As the Worm Turns: For 200,000 years, we humans have hosted parasitic hookworms and whipworms in our intestines. Until recently, that is: when antibiotics and better sanitation effectively “dewormed” much of the developed world. Coinciding neatly, was a perplexing rise in autoimmune diseases of the gut, like inflammatory bowel disease (IBD) and Crohn’s disease. Scientist Joel Weinstock wondered if there was a connection?
Whip it!: He began by treating mice with IBD. Animals fed enteric worms recovered from the disease. To test this therapy in humans, he chose Trichuris suis, a whipworm that typically infects pigs but causes no illness if swallowed by pig farmers. A patient with Crohn’s disease volunteered to swallow 2,500 tiny eggs (in a sports drink!) and his disease symptoms improved. Now, clinical trials are underway with many more patients, and the egg harvesting method has been approved by the FDA and European Medicines Agency. Other immune related diseases are also being tested: multiple sclerosis, autism, ulcerative colitis, psoriasis, and type 1 diabetes.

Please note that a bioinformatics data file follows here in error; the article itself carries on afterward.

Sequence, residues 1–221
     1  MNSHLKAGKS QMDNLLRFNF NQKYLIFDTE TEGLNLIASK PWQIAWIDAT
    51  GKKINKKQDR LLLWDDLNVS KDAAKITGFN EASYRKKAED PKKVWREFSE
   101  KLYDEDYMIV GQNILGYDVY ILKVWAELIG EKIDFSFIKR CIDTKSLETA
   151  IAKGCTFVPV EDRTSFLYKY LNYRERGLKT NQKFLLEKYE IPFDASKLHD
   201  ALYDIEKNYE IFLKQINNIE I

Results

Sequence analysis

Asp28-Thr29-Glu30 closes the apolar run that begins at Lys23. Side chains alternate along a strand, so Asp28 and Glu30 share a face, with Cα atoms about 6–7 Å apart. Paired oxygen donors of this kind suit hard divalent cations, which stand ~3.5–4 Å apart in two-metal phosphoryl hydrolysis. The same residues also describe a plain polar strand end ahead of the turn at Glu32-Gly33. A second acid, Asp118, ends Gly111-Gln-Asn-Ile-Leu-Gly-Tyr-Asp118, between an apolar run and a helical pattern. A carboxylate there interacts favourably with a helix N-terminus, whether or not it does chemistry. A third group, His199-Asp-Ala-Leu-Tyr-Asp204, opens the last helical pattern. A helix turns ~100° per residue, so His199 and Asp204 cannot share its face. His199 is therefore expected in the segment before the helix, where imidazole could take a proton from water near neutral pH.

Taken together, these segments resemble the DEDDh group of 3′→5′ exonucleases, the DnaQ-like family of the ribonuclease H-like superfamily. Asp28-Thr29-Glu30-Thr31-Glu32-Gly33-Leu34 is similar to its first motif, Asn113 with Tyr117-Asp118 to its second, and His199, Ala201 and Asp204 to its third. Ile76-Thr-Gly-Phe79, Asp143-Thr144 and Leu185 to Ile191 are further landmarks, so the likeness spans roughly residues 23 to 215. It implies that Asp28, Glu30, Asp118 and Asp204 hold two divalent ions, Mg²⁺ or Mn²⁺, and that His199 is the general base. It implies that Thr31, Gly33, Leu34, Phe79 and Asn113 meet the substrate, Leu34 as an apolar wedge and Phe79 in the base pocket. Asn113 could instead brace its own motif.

Old Friends Hypothesis: The idea behind the treatment is that our immune system can only become fully effective if stimulated by exposure to microorganisms and parasites that have low levels of pathogenicity, and which have coexisted universally with human beings throughout our evolutionary history. Autoimmune disease is caused by excessively high TH1 response, which is kept in check by an opposing TH2 response set off by infections. Of course, vaccines and public hygiene have greatly reduced disease and improved the quality of life in the past 100 years. The idea is to reintroduce some organisms into people in a controlled way, to improve human health without causing infectious disease.
Image: Trichuris whipworms, via http://www.stanford.edu/group/parasites/ParaSites2005/Trichuris/Untitled-12.htm